Every wall sounded to the clash of swords and cries of help in Vavard’s own tongue as Barcus skimmed past them with the hood of his black cotton garment covering his face. Quintilius held his hand and pulled him to a quicker pace. “We need to hurry, Barcus,” he whispered in an urgent voice as he pushed the doors of the servants’ quarter open.
As they entered the kitchen, servants rose to greet them and the butler looked at them with surprise, not expecting the little lord and the grand chevalier there, and especially not expecting the young dul Naevius wearing cotton rather than his usual lavish garments. “Everyone leave us for a moment,” Quintilius’ voice commanded. The servants complied and they were left alone. Under the central tower, the battling outside couldn’t be heard here; the room felt peaceful and silent for once, no shouting of chevaliers, no shouting of warriors, and definitely not the shouting from Father making everything worse. “It’s all going to be alright!” he barked at Mother, trying to soothe her crying. “Shut up, woman, you’re making me nervous!” Then he commanded the guards to take her away to her chambers.
“Barcus, listen to me,” Quintilius knelt in front of the heir to the barony of Vintrius. “I don’t know what is going to happen now. Everything is not going to be alright after this; those are lies. Don’t let -anyone- lie to you, Barcus.” The closest friend of his father clutched his hand and tried to look in his eyes; the gentleman’s eyes were crowded with tears and Barcus did not understand why. “You shan’t give up. We need you to rule Vintrius. We need you to–” The loud ram of something wooden against the gates of the castles startled him. “—we need you to remember this day and take it to your grave. My men will be outside; they will get you somewhere safe.”
Barcus couldn’t believe what this man was saying. “Why would I go away without Father?” he asked with confusion; it didn’t make sense and he felt that maybe this man was an enemy of his father trying to give him as hostage. “Bull,” that’s how his friends and Barcus liked to call him, “what is this?”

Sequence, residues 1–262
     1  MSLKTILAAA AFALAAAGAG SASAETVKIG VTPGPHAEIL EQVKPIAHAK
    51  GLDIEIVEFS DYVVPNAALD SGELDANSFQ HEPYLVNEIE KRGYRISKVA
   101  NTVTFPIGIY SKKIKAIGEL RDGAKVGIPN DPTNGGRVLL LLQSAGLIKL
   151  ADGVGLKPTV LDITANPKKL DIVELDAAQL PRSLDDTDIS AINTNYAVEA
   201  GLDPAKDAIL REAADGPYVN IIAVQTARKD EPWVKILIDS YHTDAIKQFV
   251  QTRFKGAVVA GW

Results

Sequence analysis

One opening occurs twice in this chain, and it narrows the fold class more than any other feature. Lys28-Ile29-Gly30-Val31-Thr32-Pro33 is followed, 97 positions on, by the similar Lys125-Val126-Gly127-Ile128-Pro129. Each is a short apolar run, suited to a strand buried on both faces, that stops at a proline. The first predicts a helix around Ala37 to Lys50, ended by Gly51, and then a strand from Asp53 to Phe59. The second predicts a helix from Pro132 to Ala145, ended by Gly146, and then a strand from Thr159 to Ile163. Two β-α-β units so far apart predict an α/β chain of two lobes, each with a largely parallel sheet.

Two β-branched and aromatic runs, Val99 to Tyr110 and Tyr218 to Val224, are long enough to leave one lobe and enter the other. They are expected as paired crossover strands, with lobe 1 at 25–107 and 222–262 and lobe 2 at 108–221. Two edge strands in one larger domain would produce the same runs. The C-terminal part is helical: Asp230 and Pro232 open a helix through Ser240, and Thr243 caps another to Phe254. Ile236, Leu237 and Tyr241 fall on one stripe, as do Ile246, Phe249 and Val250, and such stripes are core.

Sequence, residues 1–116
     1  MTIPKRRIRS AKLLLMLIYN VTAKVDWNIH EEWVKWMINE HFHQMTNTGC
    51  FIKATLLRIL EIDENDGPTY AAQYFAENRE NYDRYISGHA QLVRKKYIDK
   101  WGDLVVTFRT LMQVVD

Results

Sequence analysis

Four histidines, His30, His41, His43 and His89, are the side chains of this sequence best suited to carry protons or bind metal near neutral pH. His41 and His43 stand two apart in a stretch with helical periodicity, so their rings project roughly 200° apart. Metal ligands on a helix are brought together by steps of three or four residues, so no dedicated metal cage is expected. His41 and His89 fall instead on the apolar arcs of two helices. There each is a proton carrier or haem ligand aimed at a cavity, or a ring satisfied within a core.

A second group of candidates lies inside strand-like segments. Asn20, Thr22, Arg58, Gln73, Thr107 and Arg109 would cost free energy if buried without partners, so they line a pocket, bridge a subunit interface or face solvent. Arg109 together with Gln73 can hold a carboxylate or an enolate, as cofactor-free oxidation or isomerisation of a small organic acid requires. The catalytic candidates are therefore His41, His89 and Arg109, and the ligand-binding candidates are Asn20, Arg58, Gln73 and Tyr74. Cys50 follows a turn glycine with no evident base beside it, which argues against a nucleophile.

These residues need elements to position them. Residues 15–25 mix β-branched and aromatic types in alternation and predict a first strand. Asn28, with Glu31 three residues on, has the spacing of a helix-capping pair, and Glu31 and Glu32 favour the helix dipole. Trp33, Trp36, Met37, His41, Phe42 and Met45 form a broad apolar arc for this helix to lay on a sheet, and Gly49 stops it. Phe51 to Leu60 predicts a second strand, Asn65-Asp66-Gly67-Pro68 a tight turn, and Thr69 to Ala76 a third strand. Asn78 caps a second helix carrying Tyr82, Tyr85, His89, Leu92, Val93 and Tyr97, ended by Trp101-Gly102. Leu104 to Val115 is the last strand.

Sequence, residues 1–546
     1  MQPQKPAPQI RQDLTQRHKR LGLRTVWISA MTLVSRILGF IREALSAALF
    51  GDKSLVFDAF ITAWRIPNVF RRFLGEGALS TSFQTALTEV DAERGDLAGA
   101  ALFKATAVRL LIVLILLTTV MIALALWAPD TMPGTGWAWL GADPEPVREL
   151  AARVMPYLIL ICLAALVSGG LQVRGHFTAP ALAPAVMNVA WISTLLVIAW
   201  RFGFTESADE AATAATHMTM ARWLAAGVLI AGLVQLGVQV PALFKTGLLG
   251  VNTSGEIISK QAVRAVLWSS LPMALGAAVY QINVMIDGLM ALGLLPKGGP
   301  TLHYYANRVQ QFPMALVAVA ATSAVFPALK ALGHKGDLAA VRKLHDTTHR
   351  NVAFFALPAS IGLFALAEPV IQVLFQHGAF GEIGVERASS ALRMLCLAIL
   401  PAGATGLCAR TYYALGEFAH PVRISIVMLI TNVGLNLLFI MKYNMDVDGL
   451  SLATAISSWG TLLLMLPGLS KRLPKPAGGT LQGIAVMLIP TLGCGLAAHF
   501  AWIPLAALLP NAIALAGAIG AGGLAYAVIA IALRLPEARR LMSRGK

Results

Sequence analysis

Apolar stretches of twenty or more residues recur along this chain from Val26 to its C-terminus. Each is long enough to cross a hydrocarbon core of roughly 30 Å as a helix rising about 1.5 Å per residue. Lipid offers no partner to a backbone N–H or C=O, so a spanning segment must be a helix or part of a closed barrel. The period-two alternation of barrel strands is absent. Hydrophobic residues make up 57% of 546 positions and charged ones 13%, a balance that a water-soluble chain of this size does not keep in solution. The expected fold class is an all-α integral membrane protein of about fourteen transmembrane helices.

“Barcus, they have our retinues,” he whispered in a desperate tone, curling a hand around his wrist to try to encourage the boy into the catacombs through the old wooden door at the kitchen. “Your father won’t win this. They will capture the castle and everyone in it.” The ramming at the doors of the castle continued and the desperation in the halls of the castle invaded that peace he found for a few seconds. “Go, Barcus! You have to go!”
“My father won’t lose!” he cried back at the man with his own tears, trying to shake out of his hold and run towards the door. “You’re— you’re a traitor!” As he opened the door, however, the ramming sound felt much nearer together with a loud *boom* of a wooden door. The sound was so close and so familiar that it was obvious that it was not the gates outside of the castle but rather the gates that lead to the underground. Quintilius’ face paled. “Barcus, they’re here,” he whispered and Barcus understood that his words were the truth; both of them exchanged looks and both of them agreed in the midst of desperate, erratic running towards the doors of the catacomb that they would escape the castle together, a castle no longer of the dul Naevius.